As well as misuse of these hand-held devices, which emit an electronic pulse or spray a noxious chemical, evidence shows that these devices can re-direct aggression or generate anxiety-based behaviour in pet – making underlying behavioural and health problems worse.
Secretary of State Michael Gove said, “We are a nation of animal lovers and the use of punitive shock collars cause harm and suffering to our pets.
“This ban will improve the welfare of animals and I urge pet owners to instead use positive reward training methods.”
Despite a ban on e-collars, the Government added that it will not be including invisible fencing systems, although the situation will be kept under review. This follows around 50% of responders specifically pointing out that they did not want containment fences banned.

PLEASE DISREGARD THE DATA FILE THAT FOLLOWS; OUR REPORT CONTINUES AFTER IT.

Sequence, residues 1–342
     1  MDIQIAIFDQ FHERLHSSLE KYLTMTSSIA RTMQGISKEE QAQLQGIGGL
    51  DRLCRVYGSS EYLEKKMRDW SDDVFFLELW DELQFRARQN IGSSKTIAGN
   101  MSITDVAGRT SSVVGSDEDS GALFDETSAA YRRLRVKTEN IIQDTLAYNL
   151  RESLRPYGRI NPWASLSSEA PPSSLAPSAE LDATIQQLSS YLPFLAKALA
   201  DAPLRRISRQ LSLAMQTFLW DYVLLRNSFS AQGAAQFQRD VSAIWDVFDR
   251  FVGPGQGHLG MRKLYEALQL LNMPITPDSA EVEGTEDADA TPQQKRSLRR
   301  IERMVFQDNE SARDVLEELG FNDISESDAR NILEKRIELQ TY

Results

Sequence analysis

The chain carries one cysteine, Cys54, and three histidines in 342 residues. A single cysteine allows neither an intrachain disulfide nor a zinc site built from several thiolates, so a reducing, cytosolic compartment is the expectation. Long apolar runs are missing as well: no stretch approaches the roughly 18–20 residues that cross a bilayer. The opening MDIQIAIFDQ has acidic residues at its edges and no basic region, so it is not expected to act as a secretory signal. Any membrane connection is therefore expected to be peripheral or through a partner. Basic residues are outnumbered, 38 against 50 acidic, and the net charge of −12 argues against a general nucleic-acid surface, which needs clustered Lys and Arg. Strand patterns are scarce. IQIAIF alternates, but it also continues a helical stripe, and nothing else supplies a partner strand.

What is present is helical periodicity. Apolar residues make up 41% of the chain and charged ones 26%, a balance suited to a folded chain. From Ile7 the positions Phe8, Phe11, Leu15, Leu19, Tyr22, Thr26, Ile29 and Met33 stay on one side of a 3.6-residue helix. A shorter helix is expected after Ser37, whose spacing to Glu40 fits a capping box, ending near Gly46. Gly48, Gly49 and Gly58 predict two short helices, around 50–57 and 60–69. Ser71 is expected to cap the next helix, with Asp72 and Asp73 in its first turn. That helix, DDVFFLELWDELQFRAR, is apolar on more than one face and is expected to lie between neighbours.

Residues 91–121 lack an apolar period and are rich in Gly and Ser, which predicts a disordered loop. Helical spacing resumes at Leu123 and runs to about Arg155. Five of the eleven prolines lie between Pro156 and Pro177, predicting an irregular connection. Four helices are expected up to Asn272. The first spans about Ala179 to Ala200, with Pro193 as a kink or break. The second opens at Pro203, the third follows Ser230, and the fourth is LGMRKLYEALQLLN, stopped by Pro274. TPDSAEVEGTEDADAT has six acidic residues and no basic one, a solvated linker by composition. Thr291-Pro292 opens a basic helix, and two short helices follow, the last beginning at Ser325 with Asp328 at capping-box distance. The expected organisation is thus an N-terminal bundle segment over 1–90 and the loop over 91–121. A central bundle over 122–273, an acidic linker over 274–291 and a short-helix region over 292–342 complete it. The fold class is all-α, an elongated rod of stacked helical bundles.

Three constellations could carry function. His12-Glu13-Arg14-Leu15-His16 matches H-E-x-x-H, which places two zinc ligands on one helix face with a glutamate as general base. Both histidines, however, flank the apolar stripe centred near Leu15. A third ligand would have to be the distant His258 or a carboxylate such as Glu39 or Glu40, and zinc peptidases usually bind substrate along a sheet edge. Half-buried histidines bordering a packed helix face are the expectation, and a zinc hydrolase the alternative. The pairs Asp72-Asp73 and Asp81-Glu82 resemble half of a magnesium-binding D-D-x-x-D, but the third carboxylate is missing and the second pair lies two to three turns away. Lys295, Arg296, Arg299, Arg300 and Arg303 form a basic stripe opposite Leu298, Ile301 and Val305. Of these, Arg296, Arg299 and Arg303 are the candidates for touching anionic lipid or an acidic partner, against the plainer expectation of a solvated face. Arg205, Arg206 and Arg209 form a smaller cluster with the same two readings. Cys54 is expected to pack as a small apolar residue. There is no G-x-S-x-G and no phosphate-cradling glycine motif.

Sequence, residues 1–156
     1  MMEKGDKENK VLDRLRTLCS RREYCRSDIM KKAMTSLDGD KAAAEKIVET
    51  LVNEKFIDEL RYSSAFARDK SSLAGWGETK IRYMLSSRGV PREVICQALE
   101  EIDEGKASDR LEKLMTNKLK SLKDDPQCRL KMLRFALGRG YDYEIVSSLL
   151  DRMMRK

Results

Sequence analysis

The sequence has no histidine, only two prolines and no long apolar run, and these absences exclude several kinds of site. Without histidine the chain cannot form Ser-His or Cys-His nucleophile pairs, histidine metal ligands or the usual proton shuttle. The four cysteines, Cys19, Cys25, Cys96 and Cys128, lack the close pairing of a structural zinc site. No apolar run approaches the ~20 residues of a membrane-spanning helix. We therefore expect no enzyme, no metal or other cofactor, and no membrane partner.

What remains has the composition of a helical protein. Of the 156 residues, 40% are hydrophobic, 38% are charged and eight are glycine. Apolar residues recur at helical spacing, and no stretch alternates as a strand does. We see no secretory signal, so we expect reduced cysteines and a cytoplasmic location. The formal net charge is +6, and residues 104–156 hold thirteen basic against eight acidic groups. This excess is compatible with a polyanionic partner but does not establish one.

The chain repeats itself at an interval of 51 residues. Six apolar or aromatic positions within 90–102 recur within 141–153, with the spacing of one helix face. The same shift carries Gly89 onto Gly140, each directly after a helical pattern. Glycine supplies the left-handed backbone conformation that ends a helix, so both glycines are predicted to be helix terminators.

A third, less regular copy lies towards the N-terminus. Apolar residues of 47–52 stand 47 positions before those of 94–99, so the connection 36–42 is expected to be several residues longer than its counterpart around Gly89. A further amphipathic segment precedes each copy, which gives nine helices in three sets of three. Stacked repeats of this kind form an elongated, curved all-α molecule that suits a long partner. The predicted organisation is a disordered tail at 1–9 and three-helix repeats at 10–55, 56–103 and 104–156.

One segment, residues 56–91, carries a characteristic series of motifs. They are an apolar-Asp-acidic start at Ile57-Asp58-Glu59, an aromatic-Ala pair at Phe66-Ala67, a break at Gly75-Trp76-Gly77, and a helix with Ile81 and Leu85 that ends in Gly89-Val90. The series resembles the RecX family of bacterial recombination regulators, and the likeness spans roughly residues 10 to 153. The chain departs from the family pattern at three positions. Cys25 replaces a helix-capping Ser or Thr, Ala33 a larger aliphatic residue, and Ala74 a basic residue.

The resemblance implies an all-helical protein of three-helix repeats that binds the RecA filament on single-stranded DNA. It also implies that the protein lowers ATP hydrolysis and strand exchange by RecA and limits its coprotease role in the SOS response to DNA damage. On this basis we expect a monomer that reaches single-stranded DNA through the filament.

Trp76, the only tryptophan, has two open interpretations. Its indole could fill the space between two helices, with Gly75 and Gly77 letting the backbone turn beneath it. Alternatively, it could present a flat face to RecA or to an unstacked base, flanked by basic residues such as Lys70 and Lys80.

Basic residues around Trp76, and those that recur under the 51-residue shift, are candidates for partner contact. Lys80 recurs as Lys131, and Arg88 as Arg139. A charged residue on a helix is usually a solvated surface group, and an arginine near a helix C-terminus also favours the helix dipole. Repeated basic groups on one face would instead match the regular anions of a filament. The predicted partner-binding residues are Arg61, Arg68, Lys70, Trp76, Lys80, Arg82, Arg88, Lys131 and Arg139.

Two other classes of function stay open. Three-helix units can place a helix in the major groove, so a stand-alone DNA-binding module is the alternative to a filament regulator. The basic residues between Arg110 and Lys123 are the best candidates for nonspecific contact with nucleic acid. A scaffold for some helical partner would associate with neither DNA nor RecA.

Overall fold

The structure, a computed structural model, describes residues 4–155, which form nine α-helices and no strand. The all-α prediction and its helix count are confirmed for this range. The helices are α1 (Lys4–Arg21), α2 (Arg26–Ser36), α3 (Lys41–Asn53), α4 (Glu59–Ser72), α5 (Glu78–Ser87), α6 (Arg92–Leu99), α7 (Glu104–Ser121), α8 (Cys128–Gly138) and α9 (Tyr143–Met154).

National Animal Welfare Trust (NAWT) has welcomed the e-collar ban, saying that it will stop people using this inhumane practice as a ‘quick fix’ training method.
NAWT’s CEO, Clare Williams, said, “We are delighted that the government has announced that they are going to ban the sale and use of e-collars. Good, reward-based training methods like the ones used through our Open Paw programmes here at the National Animal Welfare Trust, are best for animal welfare even though they require an investment in time. The ultimate reward of positive training methods is the strong bond which is developed between dog and human.”